MEASURE OF CRIME
Control Model, Crime Reduction
How do we measure crime?
Do we rely on police records, do we find the number of people incarcerated, or do we use a
victimization survey? Whatever the tool used for
measure of crime, it must be asked: Is this measurement reliable? Is it valid?
"Over the past 20 years one
measure of crime (the NCVS) has decreased by 26% and the other measure (the UCR) has
increased about 47%, and the imprisonment rate has increased by 200%."
How is crime measured?
Street crime is measured in two main ways in the U.S.
One is Uniform Crime Report (UCR):
This is computed by adding together the major crimes that are reported to the police who
in turn report to the F.B.I. who in turn publish the findings.
Another measure of crime comes
from the National Crime Victimisation Survey (NCVS). About 20 years ago it became clear
that only a proportion of crimes are actually reported to the police and that if we wanted
a more accurate count, we would have to conduct scientific surveys of the population and
ask people if they had been victims of crime. This is what the National Crime
Victimization Survey (NCVS) does.
Since the UCR and the NCVS measure
crime in different ways, they present different views of crime. The UCR only contains
crimes that are reported to the police, by some estimates only 40% of the total. On the
other hand, the NCVS does not include the crime murder nor crimes for which there is no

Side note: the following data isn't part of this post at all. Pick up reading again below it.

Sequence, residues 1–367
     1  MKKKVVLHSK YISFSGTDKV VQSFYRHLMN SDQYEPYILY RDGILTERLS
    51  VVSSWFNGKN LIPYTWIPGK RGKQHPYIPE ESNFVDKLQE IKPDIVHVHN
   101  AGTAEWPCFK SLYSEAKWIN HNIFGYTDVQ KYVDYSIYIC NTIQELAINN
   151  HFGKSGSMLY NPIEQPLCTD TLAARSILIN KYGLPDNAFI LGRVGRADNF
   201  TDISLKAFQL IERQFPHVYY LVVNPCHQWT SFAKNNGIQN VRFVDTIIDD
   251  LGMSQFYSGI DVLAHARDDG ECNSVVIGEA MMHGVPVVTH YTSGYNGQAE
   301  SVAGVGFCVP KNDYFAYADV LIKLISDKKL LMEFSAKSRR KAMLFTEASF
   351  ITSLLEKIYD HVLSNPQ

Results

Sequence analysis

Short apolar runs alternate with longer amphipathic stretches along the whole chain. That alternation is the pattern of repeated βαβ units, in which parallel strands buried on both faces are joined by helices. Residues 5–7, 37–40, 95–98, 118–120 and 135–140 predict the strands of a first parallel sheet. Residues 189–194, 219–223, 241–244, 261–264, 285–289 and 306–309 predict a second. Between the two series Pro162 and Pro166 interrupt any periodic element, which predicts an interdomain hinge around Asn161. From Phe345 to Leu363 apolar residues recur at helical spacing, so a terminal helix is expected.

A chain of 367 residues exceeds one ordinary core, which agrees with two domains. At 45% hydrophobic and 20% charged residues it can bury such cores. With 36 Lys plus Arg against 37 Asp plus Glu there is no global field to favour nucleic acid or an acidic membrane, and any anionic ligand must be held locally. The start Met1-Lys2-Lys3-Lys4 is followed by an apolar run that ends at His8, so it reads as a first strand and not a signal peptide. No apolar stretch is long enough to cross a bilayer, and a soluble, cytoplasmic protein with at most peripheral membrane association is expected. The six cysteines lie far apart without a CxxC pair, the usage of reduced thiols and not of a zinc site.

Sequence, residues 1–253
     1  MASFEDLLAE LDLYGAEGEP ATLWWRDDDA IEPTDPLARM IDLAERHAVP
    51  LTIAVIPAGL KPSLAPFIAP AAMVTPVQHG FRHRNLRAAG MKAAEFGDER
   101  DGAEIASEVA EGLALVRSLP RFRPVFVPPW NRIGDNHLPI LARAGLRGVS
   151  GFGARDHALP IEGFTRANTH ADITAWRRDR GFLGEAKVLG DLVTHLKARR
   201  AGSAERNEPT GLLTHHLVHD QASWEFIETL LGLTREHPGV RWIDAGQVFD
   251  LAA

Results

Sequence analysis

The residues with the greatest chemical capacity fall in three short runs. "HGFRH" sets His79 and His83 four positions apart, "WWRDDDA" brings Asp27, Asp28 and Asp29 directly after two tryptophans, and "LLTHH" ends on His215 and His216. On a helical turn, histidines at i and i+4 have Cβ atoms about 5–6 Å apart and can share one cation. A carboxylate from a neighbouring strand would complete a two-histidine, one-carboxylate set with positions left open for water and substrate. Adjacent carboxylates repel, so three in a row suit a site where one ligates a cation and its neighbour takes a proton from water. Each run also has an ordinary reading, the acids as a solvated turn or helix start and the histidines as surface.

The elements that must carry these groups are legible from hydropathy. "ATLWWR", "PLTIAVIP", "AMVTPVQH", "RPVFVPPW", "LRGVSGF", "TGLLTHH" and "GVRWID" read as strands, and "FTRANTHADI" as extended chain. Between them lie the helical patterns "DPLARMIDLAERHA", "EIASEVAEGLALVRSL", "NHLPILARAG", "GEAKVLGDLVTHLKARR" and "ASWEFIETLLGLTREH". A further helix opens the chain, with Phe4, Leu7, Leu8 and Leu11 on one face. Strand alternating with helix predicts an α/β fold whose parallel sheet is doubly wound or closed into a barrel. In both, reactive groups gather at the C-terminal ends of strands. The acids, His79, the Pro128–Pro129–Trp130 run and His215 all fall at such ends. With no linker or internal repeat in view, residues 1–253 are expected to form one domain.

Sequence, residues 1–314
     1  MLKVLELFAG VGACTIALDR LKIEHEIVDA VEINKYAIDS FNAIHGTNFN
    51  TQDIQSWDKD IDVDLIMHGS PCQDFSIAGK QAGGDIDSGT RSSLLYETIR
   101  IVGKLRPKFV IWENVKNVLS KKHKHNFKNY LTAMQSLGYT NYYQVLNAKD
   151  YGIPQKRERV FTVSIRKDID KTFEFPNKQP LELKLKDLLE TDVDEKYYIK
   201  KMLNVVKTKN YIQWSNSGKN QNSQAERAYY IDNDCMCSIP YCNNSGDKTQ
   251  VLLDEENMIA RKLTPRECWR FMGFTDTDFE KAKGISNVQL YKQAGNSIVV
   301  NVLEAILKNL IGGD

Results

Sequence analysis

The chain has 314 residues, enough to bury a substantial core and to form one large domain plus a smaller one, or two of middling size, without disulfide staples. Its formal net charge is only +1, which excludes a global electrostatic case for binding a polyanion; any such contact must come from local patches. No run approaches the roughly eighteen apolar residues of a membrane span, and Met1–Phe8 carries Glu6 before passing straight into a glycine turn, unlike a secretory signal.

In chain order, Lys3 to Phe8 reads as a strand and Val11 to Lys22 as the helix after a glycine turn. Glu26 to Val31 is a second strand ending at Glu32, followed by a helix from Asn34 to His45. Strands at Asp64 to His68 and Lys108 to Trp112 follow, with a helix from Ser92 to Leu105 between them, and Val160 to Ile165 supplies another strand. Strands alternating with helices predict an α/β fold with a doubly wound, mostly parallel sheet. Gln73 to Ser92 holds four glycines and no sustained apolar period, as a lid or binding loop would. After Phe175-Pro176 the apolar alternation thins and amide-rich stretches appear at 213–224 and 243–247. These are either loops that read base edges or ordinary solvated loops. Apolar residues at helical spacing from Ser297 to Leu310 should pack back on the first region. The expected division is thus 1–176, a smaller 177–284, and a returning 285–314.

reporting victim, like most drug-related crimes. Also not included are all white collar crimes, like the savings and loan frauds,
and much more.
Murder is the easiest to measure
and thus is the crime we know most about. About 25,000 people were murdered in the U.S.
last year. The murder rate in the U.S. was about 10 (per 100,000 population) in 1930 was
about 10 in 1990 with almost no change in 60 years. Similarly, the murder rate in 1993
(9.3) was just about what it was in 1973 (9.4).
Determining rates of crime
(generally, per 1000 people or 100,000 people) requires that the number of offenses (the
numerator) be divided by an accurate count of the population (the denominator). The
results of the decennial United States Census are conventionally used as the sources of
Metropolitan Structure and Violent
Crime: Which Measure of Crime?, by Robert M. O'Brien.
Getting the Measure of Crime. What practical problems does the criminologist face in going
about his business?
The British Crime Survey is
regarded as the most reliable measure of crime by the Home Office. The stated aims of the